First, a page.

Projects per year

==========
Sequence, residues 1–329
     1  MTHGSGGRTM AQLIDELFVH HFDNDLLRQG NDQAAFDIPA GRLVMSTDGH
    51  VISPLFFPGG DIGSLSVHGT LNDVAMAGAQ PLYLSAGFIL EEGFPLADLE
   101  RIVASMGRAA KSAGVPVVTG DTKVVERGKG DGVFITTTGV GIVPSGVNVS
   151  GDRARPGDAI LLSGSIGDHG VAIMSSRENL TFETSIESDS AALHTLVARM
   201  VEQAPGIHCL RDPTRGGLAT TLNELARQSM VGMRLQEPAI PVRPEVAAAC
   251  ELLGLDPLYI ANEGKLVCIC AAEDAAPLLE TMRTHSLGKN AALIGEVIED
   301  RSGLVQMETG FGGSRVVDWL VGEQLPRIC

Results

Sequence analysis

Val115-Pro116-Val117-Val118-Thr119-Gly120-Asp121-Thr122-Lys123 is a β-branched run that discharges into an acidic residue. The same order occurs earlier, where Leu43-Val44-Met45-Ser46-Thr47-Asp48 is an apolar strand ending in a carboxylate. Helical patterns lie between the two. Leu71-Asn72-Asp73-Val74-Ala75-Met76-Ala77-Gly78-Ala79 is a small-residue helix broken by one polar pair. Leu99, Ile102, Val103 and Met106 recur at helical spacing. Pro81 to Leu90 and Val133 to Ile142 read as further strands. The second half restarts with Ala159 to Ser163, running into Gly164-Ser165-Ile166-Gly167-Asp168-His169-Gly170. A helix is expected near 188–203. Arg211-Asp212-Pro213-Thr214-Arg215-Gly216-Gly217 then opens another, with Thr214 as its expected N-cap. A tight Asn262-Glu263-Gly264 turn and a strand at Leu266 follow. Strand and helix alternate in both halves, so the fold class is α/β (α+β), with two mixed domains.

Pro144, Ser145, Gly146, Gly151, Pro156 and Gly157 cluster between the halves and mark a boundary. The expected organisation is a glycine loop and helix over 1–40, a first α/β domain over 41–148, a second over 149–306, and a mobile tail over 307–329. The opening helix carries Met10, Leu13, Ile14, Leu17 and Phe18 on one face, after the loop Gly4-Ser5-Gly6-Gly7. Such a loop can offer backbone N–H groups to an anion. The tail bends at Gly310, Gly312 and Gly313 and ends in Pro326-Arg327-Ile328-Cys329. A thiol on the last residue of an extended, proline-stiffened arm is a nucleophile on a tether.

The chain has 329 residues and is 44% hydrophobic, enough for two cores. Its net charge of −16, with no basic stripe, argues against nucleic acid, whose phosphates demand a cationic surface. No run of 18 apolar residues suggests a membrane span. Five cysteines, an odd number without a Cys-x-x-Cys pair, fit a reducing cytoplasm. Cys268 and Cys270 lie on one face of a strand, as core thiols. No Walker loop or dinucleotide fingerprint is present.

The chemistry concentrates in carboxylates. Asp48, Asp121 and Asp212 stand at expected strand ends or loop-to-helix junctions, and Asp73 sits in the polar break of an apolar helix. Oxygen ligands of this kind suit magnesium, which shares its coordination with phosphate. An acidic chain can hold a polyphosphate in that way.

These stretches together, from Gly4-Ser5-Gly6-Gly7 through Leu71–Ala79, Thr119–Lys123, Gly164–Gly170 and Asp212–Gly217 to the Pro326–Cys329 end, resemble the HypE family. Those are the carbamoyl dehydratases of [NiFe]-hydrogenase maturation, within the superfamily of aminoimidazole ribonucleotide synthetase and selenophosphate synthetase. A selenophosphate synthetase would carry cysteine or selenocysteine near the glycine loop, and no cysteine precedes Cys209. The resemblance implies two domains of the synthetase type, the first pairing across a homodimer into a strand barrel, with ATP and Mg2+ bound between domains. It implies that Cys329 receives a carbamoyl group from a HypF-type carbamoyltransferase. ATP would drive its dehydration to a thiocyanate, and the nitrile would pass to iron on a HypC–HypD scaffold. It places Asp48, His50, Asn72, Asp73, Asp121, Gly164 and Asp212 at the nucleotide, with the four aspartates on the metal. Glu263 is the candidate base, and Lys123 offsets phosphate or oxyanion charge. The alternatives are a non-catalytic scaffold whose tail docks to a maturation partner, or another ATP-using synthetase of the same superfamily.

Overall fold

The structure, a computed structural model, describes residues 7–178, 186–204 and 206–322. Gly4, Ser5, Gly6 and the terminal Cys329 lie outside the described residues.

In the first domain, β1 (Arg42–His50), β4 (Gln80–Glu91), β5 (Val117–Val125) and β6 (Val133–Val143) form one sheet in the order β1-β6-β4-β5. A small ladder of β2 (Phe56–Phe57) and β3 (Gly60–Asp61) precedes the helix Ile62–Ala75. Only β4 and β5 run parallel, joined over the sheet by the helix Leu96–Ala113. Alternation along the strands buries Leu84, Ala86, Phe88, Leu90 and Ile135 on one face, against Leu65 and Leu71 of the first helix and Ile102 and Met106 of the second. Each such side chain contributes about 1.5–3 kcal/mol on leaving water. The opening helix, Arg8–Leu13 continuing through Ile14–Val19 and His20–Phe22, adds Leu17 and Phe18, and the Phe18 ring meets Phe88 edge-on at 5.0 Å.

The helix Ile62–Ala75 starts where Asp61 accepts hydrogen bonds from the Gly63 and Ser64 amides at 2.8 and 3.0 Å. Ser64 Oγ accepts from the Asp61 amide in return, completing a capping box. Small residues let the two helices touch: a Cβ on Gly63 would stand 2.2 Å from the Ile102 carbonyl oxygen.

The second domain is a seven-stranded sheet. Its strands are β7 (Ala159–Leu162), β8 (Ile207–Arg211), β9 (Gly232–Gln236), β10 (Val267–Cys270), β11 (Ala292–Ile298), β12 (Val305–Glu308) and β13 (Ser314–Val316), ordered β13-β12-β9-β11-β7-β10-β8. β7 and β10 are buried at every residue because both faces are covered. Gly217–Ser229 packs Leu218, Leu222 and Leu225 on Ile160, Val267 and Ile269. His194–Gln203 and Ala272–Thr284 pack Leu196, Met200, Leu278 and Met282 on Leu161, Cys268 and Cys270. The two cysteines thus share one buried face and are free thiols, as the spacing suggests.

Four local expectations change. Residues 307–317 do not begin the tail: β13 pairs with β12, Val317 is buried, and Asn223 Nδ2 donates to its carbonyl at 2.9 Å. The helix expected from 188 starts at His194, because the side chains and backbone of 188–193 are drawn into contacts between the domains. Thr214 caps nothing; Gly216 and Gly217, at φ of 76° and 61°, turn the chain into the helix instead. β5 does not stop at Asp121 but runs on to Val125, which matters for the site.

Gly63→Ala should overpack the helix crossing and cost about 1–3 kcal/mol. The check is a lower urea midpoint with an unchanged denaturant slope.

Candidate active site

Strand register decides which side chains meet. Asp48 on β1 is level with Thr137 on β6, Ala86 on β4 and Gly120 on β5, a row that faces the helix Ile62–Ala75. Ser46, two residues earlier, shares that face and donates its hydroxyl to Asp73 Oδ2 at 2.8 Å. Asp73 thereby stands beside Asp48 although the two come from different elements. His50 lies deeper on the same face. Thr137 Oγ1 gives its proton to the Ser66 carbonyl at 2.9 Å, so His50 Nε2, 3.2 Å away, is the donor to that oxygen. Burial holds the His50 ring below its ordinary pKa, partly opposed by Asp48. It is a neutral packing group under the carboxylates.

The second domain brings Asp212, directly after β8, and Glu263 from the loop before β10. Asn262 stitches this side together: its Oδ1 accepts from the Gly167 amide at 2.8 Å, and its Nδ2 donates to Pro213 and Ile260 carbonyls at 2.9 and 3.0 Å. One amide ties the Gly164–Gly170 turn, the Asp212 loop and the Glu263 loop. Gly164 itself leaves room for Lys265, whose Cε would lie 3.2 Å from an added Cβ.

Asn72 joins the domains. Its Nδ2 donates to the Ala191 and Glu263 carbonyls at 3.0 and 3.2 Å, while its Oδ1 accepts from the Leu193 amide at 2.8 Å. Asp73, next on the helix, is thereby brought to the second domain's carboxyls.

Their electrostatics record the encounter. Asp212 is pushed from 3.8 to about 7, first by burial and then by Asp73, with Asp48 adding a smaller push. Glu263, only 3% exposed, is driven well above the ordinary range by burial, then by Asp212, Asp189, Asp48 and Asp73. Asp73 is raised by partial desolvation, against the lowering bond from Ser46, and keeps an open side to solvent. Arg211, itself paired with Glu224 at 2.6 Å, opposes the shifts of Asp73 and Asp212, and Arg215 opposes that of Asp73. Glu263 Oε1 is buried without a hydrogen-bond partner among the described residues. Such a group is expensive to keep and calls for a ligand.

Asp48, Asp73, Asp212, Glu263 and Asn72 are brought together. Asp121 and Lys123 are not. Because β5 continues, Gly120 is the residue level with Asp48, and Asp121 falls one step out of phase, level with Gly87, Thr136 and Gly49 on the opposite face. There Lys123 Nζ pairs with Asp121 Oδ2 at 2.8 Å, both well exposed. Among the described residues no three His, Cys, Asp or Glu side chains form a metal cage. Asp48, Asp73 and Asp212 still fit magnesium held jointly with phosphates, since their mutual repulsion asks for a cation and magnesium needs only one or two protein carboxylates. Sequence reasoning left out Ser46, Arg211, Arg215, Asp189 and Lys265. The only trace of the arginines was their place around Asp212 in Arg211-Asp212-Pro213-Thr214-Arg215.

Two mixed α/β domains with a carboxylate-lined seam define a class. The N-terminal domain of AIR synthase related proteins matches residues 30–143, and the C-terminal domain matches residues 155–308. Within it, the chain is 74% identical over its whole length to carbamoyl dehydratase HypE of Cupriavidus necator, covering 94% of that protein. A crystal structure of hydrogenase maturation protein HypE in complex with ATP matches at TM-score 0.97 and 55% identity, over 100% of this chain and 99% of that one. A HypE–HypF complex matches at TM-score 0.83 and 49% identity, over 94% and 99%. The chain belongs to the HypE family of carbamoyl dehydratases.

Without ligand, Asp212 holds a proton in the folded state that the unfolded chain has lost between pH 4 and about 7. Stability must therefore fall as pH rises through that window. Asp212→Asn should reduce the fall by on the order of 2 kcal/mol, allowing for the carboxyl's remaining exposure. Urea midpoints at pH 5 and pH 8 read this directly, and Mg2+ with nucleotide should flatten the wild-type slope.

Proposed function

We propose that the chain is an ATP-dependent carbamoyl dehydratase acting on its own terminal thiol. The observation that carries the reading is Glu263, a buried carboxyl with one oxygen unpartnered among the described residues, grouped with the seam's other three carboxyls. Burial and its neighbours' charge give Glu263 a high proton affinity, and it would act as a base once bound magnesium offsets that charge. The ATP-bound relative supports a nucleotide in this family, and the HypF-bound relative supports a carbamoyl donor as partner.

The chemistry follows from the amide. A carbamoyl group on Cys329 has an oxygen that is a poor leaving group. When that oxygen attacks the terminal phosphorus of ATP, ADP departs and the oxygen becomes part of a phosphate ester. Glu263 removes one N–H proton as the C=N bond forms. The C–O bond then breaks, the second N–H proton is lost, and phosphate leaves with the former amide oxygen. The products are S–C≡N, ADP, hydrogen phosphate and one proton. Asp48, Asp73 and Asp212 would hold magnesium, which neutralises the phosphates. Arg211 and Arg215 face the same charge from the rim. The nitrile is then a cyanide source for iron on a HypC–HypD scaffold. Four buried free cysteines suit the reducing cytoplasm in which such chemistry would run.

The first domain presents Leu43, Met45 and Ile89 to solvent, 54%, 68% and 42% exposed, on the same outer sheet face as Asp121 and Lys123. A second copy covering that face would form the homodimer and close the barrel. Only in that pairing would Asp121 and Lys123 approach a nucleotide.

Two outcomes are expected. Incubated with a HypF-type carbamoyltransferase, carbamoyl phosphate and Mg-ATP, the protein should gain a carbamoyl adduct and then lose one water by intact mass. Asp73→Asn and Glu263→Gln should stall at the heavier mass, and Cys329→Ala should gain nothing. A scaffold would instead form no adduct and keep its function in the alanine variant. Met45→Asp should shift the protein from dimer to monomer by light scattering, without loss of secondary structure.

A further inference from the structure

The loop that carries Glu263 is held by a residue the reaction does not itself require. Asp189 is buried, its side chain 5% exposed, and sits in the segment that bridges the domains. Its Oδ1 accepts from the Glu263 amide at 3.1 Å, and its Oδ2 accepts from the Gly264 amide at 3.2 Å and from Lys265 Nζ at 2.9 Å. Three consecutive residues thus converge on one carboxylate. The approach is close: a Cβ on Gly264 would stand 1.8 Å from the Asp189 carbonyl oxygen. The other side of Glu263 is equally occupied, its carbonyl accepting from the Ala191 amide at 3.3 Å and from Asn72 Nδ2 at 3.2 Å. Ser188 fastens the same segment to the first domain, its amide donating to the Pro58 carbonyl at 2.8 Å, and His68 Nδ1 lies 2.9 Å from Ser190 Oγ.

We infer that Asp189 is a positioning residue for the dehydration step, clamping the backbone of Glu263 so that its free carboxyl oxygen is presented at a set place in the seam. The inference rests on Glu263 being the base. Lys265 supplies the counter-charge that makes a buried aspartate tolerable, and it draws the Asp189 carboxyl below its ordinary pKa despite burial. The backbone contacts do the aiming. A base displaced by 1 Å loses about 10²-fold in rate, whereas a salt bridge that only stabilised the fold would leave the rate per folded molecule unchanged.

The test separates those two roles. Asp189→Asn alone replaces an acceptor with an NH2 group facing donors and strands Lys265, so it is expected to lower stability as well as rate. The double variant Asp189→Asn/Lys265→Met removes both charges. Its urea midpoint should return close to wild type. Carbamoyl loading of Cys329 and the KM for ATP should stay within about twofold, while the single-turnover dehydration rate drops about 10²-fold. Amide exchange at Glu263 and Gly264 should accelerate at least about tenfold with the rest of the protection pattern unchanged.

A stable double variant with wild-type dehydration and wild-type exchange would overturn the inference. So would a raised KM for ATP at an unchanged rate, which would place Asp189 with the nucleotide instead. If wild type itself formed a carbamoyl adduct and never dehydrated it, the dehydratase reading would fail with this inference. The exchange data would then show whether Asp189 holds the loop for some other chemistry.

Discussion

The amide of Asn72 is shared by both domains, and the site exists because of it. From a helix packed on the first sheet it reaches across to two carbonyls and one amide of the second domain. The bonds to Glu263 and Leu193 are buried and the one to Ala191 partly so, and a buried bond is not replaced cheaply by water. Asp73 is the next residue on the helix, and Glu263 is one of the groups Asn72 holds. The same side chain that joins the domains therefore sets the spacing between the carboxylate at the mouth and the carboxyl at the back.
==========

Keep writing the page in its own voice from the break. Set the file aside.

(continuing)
Control over the nanoscale architecture of a material enables fine tuning of its physical characteristics and associated functions. Depending on the performance demands, properties such as active surface area, density, optical response, transport characteristics and mechanical resilience can be tailored by nanostructuring. Herein, we exploit the liquid crystalline phase transitions in aqueous dispersions of highly anisometric, nanoscaled and high strength (EA > 150 GPa) cellulose nanocrystals (CNCs) to afford chiral-nematic ordered aerogels with controlled meso- and microstructures. Unprecedented levels of specific strength and toughness were achieved by controlling CNC assembly and derived architectures. We determined that the specific strength, and toughness, of CNC aerogels are improved by up to 137% and 60%, respectively, compared with the highest reported values for aerogels formed solely from cellulose nanofibrils or nanocrystals. Our results demonstrate that chiral-nematic ordered aerogels with controlled meso- and microstructures replicate the liquid crystalline phase transitions of CNCs in aqueous dispersions. The obtained architectures are evaluated systematically by varying the long-range order of the aqueous CNC dispersion from mostly isotropic to completely anisotropic. The resulting aerogels display a strong relationship between the mesopore fraction and selective light reflection (iridescence) as a function of mechanical load. Specifically, we find that the mechanical performance associated with pore compression under load is greatly enhanced by chiral-nematic ordering. The new limits in the mechanical properties of CNC-based aerogels point to new structural considerations for the synthesis of next generation porous constructs that exploit the inherent long-range order of such building blocks.